Oklahoma regulators on Tuesday implemented the largest volume reduction plan yet for oil and natural gas disposal wells in the Arbuckle formation in the western part of the state, which covers 5,281 square miles and 245 disposal wells. Meanwhile, the Sierra Club is suing Chesapeake Energy Corp., Devon Energy Corp. and New Dominion LLC for triggering quake activity in Oklahoma and Kansas.

The plan by the Oklahoma Corporation Commission’s (OCC) Oil and Gas Conservation Division (OGCD) calls for cutting drilling wastewater injections by nearly 500,000 b/d, or about 40%, and in some cases moving into areas that have not yet experienced earthquakes.

OGCD Director Tim Baker said it adds to the 191,000 b/d reduction plan begun in Fairview recently.

The plan would be phased in over four stages and two months as recommended by researchers, who caution against sudden pressure changes. Meanwhile, staff continues to work on other areas of the state, helped by recent cash infusions.

OGCD has emphasized that researchers mostly agree that wastewater injection into the Arbuckle formation poses the largest potential risk for earthquakes in the state. Most of the wastewater does not come from hydraulic fracturing (fracking) operations, but rather from producing wells. The water exists in the producing formation and comes up with the oil and natural gas.

With increasing swarms of small quakes in recent years, the OCC and state officials have steadily ratcheted up their response to wastewater injection in the oil and gas fields (see Shale Daily, Dec. 4, 2015). Baker reiterated on Tuesday that the continuing quake activity demands a regional response.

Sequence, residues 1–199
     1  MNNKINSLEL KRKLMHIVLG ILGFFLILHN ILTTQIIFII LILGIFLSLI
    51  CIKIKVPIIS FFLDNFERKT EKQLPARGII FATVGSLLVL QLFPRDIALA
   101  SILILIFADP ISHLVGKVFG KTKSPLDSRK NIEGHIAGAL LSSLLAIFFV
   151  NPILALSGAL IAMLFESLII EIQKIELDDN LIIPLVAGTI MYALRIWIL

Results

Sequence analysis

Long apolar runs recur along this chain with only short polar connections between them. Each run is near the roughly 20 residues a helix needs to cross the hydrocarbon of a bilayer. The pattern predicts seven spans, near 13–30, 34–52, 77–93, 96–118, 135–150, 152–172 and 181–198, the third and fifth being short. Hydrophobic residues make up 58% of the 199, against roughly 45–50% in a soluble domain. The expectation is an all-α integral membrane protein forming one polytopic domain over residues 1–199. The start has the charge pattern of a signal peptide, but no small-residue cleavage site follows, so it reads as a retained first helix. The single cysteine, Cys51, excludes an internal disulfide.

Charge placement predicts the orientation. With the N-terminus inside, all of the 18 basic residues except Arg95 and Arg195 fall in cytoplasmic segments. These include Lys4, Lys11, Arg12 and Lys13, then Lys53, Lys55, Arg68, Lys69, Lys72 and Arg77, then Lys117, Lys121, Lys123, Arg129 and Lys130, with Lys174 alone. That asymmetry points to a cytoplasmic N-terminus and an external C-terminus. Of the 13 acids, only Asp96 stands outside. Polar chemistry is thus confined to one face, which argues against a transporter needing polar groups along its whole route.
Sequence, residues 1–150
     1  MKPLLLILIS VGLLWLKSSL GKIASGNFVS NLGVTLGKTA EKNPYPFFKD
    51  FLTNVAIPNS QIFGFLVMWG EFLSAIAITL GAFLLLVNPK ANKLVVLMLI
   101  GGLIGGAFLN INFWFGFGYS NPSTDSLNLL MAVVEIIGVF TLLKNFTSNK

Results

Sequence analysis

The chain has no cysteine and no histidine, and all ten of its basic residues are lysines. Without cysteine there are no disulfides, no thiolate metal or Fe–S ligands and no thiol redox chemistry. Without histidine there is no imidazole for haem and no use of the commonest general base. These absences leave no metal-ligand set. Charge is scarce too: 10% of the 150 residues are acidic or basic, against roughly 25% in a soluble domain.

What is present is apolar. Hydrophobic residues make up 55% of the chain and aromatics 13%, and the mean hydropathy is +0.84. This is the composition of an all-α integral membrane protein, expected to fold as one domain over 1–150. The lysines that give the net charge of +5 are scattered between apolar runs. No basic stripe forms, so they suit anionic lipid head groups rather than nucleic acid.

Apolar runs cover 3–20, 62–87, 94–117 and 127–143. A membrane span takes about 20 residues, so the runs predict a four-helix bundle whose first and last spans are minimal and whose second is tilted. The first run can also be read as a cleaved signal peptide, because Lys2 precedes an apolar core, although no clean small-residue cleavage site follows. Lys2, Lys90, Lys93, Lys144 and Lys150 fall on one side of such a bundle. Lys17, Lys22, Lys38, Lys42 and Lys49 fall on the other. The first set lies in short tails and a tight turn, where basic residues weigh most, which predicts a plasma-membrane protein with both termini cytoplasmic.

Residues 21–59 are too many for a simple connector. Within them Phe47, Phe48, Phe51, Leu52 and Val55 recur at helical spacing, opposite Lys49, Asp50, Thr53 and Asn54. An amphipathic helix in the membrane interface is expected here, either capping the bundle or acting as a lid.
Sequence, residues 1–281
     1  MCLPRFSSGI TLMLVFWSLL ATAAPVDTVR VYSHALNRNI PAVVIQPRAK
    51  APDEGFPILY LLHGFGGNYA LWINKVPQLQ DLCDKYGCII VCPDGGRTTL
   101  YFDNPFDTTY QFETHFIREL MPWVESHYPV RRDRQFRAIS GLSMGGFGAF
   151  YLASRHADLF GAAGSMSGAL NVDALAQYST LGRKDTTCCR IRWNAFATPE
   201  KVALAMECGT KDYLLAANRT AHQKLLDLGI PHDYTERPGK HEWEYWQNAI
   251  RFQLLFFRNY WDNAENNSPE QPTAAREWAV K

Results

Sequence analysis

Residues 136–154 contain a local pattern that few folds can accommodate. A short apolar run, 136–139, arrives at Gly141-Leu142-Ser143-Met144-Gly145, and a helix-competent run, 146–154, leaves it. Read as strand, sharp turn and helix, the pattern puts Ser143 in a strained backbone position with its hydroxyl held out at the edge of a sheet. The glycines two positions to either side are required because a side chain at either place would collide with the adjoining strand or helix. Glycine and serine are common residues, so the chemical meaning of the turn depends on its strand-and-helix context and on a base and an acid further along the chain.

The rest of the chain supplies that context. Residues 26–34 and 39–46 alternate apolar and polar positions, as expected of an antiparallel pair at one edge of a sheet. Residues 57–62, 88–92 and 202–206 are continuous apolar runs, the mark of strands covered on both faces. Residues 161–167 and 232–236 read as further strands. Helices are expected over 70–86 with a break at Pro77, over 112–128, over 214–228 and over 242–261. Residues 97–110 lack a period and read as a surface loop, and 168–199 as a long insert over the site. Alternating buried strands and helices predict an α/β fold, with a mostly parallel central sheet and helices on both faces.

“We have taken a number of actions in the Medford, Fairview, and Cherokee areas,” Baker said. “However, there is agreement among researchers, including our partners at the Oklahoma Geological Survey (OGS), that the data clearly underscored the need for a larger, regional response. That is why, even as we took actions in various parts of the region in response to specific earthquake events, we were already working on a larger plan. ”

Although the plan is a direct response to the continued seismicity in the area, the action also will add areas that are not yet experiencing major earthquakes.

“The wells covered in this plan include those along the western area of the plan’s boundaries where there has not yet been major earthquake activity,” Baker said. “This plan is aimed not only at taking further action in response to past activity, but also to get out ahead of it and hopefully prevent new areas from being involved.”

Emergency funding from Gov. Mary Fallin and a grant from the Oklahoma Energy Resources Board and the Groundwater Protection Council are enabling the OCC to add critical equipment and staff. “As we move forward, we will continue to focus on regional approaches as supported by the latest data,” Baker said.

Since March 2015, the OGCD has ordered operators of injection wells that handle wastewater from oil and gas operations to either shut down or curtail intake volumes. Scientists with OGS attribute the increase in seismic activity to injection wells targeting the Arbuckle formation, which closely overlies the crystalline basement (see Shale Daily, Jan. 11).

OGS concluded that the disposal of extremely salty water, not the mostly freshwater used for fracking, is responsible for the quakes (see Shale Daily, Jan. 5).

Also on Tuesday the Sierra Club added to the growing controversy over the alleged tie between fracking and increased earthquake risks with a lawsuit accusing units of Chesapeake, Devon and New Dominion of causing tremors in Oklahoma and Kansas.

The environmental group said in a complaint filed in U.S. District Court in Oklahoma City that the three producers’ practice of injecting liquid oil and gas waste into deep wells contributed to the spike in earthquakes last year, to more than 5,800 from an annual high of 167 between 1977 to 2009.